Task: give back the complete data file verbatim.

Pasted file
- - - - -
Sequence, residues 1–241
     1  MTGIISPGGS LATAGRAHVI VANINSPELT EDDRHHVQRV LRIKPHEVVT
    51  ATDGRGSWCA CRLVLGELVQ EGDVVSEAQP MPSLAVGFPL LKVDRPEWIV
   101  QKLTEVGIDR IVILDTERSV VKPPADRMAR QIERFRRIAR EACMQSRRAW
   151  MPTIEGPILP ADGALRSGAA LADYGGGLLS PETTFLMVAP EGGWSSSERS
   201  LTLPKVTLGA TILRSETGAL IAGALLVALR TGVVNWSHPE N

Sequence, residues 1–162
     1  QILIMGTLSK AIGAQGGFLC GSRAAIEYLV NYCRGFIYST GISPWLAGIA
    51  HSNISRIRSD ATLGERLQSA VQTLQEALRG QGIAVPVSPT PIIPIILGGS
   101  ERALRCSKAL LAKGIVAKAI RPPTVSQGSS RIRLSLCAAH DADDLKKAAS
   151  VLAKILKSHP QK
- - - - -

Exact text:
Sequence, residues 1–241
     1  MTGIISPGGS LATAGRAHVI VANINSPELT EDDRHHVQRV LRIKPHEVVT
    51  ATDGRGSWCA CRLVLGELVQ EGDVVSEAQP MPSLAVGFPL LKVDRPEWIV
   101  QKLTEVGIDR IVILDTERSV VKPPADRMAR QIERFRRIAR EACMQSRRAW
   151  MPTIEGPILP ADGALRSGAA LADYGGGLLS PETTFLMVAP EGGWSSSERS
   201  LTLPKVTLGA TILRSETGAL IAGALLVALR TGVVNWSHPE N

Sequence, residues 1–162
     1  QILIMGTLSK AIGAQGGFLC GSRAAIEYLV NYCRGFIYST GISPWLAGIA
    51  HSNISRIRSD ATLGERLQSA VQTLQEALRG QGIAVPVSPT PIIPIILGGS
   101  ERALRCSKAL LAKGIVAKAI RPPTVSQGSS RIRLSLCAAH DADDLKKAAS
   151  VLAKILKSHP QK